This is not just the reality for Connecticut,but the standard that has now been set for all local governments in the USA by guidelines set by GASB (GASB.org)

    In effect what this does is: Create massive parking zones for asset wealth today for “projected liabilities” that may exist going out up to 40-years from now.

    Is the “projected income” going out 40-years included in the calculations? No, they are not.

    If you, I, Bill Gates, or Warren Buffet did the same thing, we all would look like we are on death’s financial door.

    Can Publicly Traded companies like Apple, Microsoft, IBM, or J&J do the same thing with their accounting and presentation to their shareholders? No they can not. If they did the same, projecting out liabilities 40-years and income for only 1-year as a cross match to show a lower or negative net-worth, creating a negative income report to shareholders, and causing a massive collapse of their stock by this type of presentation where they actually used covertly the parking-zone stashes of wealth to buy back the shares they issued at pennies on the dollar, if discovered by the SEC, immediately everyone of the directors from those companies involved would be indicted on a multiple count indictment by the SEC and summarily convicted.

    The actual issue in this article is the fact that Connecticut financial operations (getting an F-Score) are being forced to comply with the standards establish for ALL OTHER local governments that are complying with the new standards set by GASB, a “private” association comprised primarily of members that are top government financial managers.

    In reflection, GASB operations are like: Letting the Foxes write the laws as to how many hens are eaten by the Foxes from the Hen-House and how many the rancher gets and is required to have in the Hen-House for the Fox’s consumption.

    In summary, local governments through the creation of their own accepted accounting guidelines that they themselves create through membership with GASB are creating massive amounts of wealth for themselves (parking-zones) labeled as projected liabilities.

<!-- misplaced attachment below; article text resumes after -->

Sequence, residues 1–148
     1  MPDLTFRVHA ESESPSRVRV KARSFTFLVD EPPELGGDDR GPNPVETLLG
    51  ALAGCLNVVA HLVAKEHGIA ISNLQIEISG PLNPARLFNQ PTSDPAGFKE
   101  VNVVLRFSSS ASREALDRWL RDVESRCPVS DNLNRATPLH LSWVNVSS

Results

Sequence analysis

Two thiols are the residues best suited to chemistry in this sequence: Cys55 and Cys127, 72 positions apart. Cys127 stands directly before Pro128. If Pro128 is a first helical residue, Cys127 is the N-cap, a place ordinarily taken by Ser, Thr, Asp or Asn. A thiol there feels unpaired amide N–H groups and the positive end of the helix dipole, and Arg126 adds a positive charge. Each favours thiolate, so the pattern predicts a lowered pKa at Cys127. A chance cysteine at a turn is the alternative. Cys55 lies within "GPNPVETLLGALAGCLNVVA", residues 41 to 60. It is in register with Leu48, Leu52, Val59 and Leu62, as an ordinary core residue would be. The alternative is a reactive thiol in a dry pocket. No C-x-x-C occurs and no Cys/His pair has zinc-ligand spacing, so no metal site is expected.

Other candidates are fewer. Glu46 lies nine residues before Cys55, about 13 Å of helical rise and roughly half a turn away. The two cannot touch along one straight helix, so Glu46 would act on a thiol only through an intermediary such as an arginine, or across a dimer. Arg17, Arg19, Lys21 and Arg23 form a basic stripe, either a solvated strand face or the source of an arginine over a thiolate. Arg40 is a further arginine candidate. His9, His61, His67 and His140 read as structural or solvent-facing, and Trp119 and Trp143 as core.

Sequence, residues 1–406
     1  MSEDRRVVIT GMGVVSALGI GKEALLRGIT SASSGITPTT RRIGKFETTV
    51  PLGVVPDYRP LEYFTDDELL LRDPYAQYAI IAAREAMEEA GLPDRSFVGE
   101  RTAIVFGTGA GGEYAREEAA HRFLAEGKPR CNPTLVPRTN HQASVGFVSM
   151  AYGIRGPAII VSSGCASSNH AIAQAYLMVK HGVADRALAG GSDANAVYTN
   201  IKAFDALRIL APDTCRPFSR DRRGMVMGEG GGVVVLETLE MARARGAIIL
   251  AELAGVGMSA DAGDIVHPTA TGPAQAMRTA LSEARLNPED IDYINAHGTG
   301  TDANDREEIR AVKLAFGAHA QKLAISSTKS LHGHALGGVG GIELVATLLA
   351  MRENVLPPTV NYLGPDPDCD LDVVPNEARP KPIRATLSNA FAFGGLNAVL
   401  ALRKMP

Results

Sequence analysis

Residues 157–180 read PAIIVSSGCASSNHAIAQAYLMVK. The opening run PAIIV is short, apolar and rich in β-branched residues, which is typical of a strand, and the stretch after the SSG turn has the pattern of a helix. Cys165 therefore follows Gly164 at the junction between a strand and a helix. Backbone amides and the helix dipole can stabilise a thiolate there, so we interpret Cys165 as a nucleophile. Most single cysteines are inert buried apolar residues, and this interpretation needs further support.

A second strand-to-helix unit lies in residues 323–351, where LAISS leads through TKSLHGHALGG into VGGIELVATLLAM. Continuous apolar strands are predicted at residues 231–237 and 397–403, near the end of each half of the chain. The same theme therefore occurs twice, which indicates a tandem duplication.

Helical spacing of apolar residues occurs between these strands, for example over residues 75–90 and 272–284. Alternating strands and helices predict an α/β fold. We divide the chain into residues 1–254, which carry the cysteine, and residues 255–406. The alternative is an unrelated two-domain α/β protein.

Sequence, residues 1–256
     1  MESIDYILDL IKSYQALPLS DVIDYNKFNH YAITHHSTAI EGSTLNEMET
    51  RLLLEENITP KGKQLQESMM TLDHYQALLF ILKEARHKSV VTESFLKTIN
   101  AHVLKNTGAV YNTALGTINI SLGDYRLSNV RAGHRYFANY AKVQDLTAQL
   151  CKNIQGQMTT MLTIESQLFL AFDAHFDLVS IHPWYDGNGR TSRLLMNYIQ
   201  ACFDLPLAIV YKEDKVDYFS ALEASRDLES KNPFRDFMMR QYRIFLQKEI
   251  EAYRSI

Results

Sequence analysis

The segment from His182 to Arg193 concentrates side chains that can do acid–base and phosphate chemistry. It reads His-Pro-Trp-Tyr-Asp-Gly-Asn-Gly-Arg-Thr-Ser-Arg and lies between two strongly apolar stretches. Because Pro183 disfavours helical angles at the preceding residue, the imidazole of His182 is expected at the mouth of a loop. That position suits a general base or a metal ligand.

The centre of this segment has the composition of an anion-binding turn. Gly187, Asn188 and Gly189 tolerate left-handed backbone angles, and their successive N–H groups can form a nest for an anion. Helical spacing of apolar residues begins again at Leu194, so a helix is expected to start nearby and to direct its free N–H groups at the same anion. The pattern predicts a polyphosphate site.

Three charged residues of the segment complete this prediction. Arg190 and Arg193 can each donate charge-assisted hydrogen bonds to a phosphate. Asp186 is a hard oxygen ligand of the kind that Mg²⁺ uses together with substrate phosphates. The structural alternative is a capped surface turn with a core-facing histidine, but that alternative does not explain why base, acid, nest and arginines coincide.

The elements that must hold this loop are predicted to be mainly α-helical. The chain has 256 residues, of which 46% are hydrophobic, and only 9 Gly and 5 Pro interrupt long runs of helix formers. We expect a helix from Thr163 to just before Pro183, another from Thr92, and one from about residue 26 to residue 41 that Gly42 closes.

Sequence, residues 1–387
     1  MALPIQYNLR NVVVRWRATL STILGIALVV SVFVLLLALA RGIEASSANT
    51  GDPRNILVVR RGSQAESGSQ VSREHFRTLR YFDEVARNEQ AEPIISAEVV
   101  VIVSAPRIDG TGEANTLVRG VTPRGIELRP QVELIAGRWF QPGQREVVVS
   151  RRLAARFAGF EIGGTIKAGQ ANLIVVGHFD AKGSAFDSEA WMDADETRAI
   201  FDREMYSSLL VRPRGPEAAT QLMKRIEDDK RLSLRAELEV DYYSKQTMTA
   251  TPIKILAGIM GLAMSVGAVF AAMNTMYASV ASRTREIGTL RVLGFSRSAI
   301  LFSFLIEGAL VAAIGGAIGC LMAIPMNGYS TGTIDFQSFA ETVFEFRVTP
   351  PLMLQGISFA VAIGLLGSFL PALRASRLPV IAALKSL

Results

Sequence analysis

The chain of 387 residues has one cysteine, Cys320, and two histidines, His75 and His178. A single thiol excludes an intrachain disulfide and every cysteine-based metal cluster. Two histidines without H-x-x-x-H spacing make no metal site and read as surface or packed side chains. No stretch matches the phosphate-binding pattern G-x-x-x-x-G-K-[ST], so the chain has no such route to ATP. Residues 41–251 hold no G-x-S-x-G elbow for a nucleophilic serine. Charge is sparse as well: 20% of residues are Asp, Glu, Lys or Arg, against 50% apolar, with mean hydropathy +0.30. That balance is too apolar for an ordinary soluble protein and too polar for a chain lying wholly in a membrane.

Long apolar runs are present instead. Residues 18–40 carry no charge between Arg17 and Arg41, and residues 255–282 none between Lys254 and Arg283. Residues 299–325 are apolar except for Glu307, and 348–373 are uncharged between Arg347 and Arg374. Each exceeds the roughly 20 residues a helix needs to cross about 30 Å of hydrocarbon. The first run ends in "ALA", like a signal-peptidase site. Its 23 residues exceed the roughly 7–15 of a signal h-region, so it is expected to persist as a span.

Take a look at the Federal Reserve’s raw data from their Z.1. report that shows the “standing Wealth” held by local governments; Federal Government; the Private Sector; Banks; Brokerage; and Insurance Companies. The figures are in “billions” so when looking, note accordingly.

    CAFR1 Article with links to the Z.1. raw data tables – http://CAFR1.com/TotalWealth.html

    Again, if a publicly traded company, of which are under “other” strict accounting guidelines overseeing their operations attempted to operate under the guidelines government created for themselves, you would be hearing the slamming of those prison doors after conviction by SEC indictment. But then, they do not write the guidelines for themselves, government oversees that arena.

    TREASON: “Treason doth never prosper; what’s the reason? For if it prosper, none dare call it treason.” Sir John Harrington, 1561-1612

    WJB – CAFR1


  3. James Powell
    July 31, 2018 @ 9:51 am

    Yeah, they won’t approve CAFR1’s comment because this entire article is about unfunded liabilities so as to make everything appear to have all types of massive debt and deficits and CAFR1 will blow the lid right off that in every way.